Diffraction by a perfectly conducting cylinder using UTD?

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Diffraction by a perfectly conducting cylinder using UTD???!

Hi all,

Does anybody know the equations needed to predict the diffraction of electromagnetic waves by a perfectly conducting cylinder using UTD?
I want to use these equations in ray tracing.
I tried to read some papers and a book "Introduction to the Uniform Geometrical Theory of Diffraction" .. They were so complicated and I didn't understand anything actually (I'm a computer science student :) ).

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I think you have to consider two extremes: When the wavelength is much less than the diameter of the cylinder, and when the wavelengths is much more. In one case the reflection is specular, and in the other, it is re radiated. But both will produce interference effects at large distances.

I'm not sure I totally understand you.

When the wavelength is bigger than the dimensions of an object, the waves suffer scattering and when the wavelength is small compared to the dimensions of an object, the waves suffer reflection. right?

What does this has to do with diffraction? and what equations can I use to model diffraction? (Equations or reference would be fine)

Born2bwire
Gold Member

UTD is only valid in cases where the wavelengths are much smaller than the feature size of the scatterer. The highest frequency estimation is geometric optics which is just straight ray optics. UTD is a better approximation as it adds in the diffraction of the waves. I can't remember how to do diffraction from cylinders. If you are still doing SBR solver then you can just mesh the cylinder and ignore the diffraction effects. Most of the more important diffraction effects come from edges. I can't remember what we did for cylinders or cylindrical trenches. When I needed to model the diffraction I just used a full wave solution provided by Balanis but that's a rather impractical solution for a general solver.

The problem is I want to model human shadowing effects and as I read a human is approximated by a perfectly conducting cylinder.

I guess the key to this is to learn how to model the diffraction by a perfectly conducting cylinder. I have no knowledge of anything regarding GTD or UTD.

Born2bwire
Gold Member

If you want to see the scattering of an infinitely long PEC cylinder, then you should find an exact solution in Balanis I think. The problem is that the solution is the summation over an infinite series and you may have to run the sums to a very large number for the solution to converge if you are doing a high frequency scattering.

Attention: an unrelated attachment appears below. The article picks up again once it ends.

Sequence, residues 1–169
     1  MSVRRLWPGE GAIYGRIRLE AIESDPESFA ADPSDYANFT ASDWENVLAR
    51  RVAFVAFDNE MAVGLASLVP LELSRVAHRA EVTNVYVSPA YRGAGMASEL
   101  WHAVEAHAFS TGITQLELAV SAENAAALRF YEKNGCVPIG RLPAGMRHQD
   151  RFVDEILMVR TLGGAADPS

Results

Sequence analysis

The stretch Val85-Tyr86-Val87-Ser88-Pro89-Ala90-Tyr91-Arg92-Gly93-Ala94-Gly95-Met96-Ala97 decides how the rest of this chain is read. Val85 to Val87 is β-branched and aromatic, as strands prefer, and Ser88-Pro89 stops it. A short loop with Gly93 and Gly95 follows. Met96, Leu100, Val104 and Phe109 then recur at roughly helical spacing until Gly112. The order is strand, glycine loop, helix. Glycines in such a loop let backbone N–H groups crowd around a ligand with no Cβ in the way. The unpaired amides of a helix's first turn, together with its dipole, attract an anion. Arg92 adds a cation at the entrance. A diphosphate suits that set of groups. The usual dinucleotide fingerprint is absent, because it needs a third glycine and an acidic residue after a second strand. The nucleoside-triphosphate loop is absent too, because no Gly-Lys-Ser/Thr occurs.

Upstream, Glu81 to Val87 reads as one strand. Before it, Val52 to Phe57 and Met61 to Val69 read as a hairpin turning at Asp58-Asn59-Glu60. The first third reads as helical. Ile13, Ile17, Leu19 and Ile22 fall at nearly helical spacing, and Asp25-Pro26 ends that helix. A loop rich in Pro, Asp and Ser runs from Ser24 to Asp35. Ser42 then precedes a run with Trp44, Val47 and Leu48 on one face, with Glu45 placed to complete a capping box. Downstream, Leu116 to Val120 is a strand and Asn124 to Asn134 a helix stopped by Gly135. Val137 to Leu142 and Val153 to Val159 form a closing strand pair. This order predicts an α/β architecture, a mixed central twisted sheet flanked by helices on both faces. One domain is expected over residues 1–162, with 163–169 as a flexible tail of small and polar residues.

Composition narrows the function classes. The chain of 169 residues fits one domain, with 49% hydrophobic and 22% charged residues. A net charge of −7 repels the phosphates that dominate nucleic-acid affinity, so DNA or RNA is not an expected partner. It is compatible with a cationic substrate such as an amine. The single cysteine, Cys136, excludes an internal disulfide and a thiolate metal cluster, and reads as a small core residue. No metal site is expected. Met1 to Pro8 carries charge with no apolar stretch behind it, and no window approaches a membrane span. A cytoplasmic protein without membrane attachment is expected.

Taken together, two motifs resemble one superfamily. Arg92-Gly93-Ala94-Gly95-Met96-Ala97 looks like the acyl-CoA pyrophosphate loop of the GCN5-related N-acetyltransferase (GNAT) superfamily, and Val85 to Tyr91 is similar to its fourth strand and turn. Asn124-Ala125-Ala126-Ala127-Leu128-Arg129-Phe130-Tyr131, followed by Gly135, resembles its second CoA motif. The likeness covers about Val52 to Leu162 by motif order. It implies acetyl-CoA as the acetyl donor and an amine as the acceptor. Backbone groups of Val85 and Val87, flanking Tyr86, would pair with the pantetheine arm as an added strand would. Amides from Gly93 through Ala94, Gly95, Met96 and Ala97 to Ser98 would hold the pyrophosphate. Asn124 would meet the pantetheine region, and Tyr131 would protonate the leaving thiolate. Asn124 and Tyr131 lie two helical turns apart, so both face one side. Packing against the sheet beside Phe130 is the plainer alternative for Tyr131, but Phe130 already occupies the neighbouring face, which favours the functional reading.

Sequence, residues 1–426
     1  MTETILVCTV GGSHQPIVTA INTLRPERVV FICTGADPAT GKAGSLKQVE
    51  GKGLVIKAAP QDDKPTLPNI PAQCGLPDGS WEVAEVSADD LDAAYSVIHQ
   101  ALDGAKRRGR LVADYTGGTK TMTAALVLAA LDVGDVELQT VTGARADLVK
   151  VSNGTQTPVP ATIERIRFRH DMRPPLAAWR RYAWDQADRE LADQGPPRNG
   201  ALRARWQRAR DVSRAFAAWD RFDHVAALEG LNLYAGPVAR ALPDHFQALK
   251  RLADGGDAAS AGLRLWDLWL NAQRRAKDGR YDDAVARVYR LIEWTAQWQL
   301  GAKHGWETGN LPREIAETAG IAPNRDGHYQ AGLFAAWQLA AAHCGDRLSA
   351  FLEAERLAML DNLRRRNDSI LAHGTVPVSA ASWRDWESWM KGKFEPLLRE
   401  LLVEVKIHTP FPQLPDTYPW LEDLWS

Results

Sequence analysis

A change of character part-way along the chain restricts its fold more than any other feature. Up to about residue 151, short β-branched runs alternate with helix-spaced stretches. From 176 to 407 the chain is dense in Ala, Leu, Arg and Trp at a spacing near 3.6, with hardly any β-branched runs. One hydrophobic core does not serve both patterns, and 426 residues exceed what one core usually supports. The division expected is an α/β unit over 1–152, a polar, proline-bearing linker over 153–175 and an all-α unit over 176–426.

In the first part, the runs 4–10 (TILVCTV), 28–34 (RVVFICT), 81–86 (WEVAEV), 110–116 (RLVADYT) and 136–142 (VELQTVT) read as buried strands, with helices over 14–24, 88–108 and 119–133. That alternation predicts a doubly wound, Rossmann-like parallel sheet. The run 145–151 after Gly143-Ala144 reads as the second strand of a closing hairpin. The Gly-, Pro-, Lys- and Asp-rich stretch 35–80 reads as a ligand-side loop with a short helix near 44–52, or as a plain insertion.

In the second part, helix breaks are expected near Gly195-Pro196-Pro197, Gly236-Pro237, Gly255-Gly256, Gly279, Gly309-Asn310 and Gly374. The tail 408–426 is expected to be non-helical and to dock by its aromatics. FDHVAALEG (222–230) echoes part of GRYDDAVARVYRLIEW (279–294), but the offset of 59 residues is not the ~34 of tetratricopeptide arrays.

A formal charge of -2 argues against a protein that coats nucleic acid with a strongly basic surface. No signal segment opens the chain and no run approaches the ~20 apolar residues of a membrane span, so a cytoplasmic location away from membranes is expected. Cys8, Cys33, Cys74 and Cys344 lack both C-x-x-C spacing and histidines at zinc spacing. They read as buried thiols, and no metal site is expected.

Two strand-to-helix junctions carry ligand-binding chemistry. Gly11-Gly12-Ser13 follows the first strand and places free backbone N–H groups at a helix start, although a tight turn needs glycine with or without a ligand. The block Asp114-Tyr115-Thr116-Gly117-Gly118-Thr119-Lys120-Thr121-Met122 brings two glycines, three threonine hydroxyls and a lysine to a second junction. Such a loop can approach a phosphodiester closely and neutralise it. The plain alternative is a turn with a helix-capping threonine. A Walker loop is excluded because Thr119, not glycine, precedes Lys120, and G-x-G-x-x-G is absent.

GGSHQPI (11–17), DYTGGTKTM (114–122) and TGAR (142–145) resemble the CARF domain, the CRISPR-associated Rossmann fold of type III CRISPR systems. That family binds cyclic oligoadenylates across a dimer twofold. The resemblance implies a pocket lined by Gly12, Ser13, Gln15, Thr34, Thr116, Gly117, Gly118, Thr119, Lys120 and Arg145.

I don't know how to do it using UTD, I've only done code for the scattering by a wedge. When I did cylinders, my cylinders were on the order of the wavelength of the incident field so I used a full-wave solution.

Hi all,

After I posted my question here, I read this book "Introduction to Uniform Geometrical Theory" of Diffraction" by McNamara, Pistorius and Malherbe, specifically chapter 8.

I noticed that in all the equations and derivations of the diffraction by a cylinder, the authors assumed an observation point in the shadow region and continued accordingly.

I'm using Ray Tracing to predict EM propagation. So basically there isn't a single observation point. I'm dealing only with rays and then sum the contribution of all rays at different points.

How can I determine the length of the creeping part of the ray without the need of specifying an observation point? In other words how can I know where to emerge the ray from the surface of a cylinder?

Born2bwire
Gold Member

In the end you do have an observation point. The SBR is meant as a means to calculate the currents excited on your scatterers. Unless you are interested in the currents excited on a receiving antenna, you will generally use these currents to solve for the scattered electric field and find a measurement of interest, like the RCS, at specific point. The UTD will not give you the excited currents, so it is more or less useless for getting information for the intermediary step of getting the excited currents. So the only other pieces of information, the fields, always have an associated observation point for you to solve for.

In the end, the easiest thing to do is to assume only line of sight diffraction. Wherever you wish to place your observation points will be the point to which you will want to solve the UTD equations. If the line of sight from the diffracting surface and the observation point is blocked by another scatterer, then the first order approximation would be to ignore this diffraction. Otherwise, you will need to find all the diffracted rays that strike the scatterer and then proceed with your SBR, finding the excited currents and reflections off the scatterer from the diffracted rays. This will be much more complicated since you will have to search out for all possibe reflections.

So basically, because you cannot get directly get the excited currents that create the diffracted field, it is not a first-order contributor. You can only get currents from any reflections. So restrict yourself to only calculating the diffracted fields at the points of observation that the user will specify that they wish to know the calculated fields, RCS, etc. If you want to go further, you will have to think of a way to treat the diffracting surface as another ray source. You will have to send out rays to the observation point and to any other scattering surfaes to find the reflections and second-order excited currents. One exception may be if the user is interested in the signal received by an antenna. Then, what you could do is have the user note that you want to measure the diffracted fields at that antenna and then you could calculate the excited currents from the diffracted fields on the antenna only.

This is really all a matter of how far you want to take this I believe.